Ted Simons: When critics say you were too reluctant earlier on to take the extra step and all of a sudden coalitions forms somewhere out there and they present something, and now all of a sudden you're on board. You say...

Greg Stanton: I say the difference was that cutting half the food tax halfway through the year was only about a $12 million hit on our budget. The city manager was able to come up with a mechanism to do that by refinancing debt and shifting tort liability from our general fund to secondary, essentially do a much smaller amount of cuts in a way that didn't have to cut core services. I think it was the right balance in that approach.

Ted Simons: You selling some excess city land, too?

Greg Stanton: $1.5 million is the estimated amount we can do. We've had a lot of land in our inventory. Some of the land still has significant value for the city, others of it frankly doesn't. It's time for us to be open-minded about selling our excess land. We ought to be smart about how we do it. We want to make sure we get full and fair value for that land. But yes, selling excess city land is part of the plan in order to make our budget so we don't have to cut core services and still be able to eliminate half the food tax halfway through the year.

Ted Simons: Let's talk about this last thing here: bike-renting project. Not as volatile or controversial as food tax or pension spiking, what's the idea? Ride the bike around, lock it up, somebody else takes it and rides it around?

Greg Stanton: Ted, we are doing lots of exciting things at the city. We're increasing the budget for arts. We are opening a trade office in Mexico. And we are doing a bike share. The more the city can create a bike-able culture, the better off we'll be. Bike share has been successful in other cities. Essentially you pay an annual fee, in this case 79 bucks, and you will be able to ride these beautiful green bikes we have. It's called Grid Bikes. You use it for an hour or so, or maybe a little bit longer. If I as mayor have a meeting at Central and Thomas in the middle of the business day, why not instead of using my car jump on a grid bike and ride a mile or two? Or you're taking the light rail and you're meeting a half mile from the light rail system, Instead of getting a car or having to walk the distance. It creates a bike-able culture, gets more cars off the road, it promotes health. I love it.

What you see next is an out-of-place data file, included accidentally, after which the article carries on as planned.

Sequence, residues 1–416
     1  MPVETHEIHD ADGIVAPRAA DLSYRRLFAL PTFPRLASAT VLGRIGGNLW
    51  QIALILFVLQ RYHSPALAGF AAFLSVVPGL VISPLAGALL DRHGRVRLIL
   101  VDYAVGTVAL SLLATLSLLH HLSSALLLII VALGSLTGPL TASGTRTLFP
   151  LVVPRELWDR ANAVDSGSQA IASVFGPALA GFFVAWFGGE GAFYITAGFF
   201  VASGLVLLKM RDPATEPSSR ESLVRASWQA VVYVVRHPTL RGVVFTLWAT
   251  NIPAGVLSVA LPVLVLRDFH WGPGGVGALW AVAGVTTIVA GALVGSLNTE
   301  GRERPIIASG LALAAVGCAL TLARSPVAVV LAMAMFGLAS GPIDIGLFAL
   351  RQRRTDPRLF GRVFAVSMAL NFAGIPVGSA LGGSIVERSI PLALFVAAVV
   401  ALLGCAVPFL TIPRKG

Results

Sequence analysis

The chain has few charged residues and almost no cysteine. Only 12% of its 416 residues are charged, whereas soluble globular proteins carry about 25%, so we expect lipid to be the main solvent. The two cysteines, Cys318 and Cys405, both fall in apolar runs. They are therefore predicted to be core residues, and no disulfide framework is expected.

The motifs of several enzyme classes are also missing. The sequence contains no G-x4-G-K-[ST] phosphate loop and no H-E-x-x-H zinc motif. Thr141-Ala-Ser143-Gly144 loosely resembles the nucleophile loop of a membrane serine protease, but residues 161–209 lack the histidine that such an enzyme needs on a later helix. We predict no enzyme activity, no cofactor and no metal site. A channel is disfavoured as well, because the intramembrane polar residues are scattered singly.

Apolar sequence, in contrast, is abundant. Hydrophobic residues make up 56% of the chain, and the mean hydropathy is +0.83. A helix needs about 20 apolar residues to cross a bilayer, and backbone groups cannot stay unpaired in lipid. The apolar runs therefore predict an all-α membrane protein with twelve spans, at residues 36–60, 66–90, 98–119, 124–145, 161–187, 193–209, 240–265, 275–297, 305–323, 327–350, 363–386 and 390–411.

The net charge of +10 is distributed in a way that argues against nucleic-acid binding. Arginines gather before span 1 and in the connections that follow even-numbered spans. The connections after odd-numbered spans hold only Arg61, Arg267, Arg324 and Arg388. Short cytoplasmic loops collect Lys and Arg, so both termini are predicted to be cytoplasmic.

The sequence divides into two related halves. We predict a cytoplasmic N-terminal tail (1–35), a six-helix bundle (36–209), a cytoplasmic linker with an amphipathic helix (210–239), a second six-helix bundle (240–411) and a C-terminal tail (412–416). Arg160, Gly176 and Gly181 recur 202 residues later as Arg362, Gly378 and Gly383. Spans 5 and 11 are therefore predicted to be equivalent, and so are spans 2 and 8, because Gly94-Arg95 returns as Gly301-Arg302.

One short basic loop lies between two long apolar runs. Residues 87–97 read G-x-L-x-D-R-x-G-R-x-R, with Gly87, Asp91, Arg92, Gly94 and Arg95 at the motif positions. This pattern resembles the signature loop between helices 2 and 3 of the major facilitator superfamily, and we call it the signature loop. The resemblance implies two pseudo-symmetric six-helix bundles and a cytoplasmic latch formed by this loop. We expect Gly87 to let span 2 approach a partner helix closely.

Ted Simons: How do we get non-Grid Bikes members to keep from riding those bikes off into the sunset?

Greg Stanton: They have a security system, there may be a few people watching the show who remember the old purple bikes that did get stolen, an early iteration of bike share. This case, in order to sign up, they will have your credit card information. They have locks on them. They have GPS on them, solar-powered GPS to help you get around but also helps with security. If you do steal them, people will know where you live. It's a much better secure system. And by the way, this has been hugely successful in other parts of the country. This is again, Phoenix being a progressive city, but catching up in many ways to other cities more advanced in this regard. These have been very, very popular.

Ted Simons: How much will this cost?

Greg Stanton: Zero. We work with the contractor, we have to give up right of way at light-rail stations, locations like US Airways Arena, busy city locations. You're going to see a bike rack there. Unlike New York we have enough right of way. That part won't be very controversial. We're improving our streets to make them more bike-able which will benefit bike-ability generally. But in terms of this particular program, there's zero dollars out of our city budget. It's a win for everybody.

Ted Simons: Mayor, it's good to have you here, thank you so much for answering our questions. See you again next month.

Greg Stanton: Any time.

Greg Stanton:Mayor, Phoenix;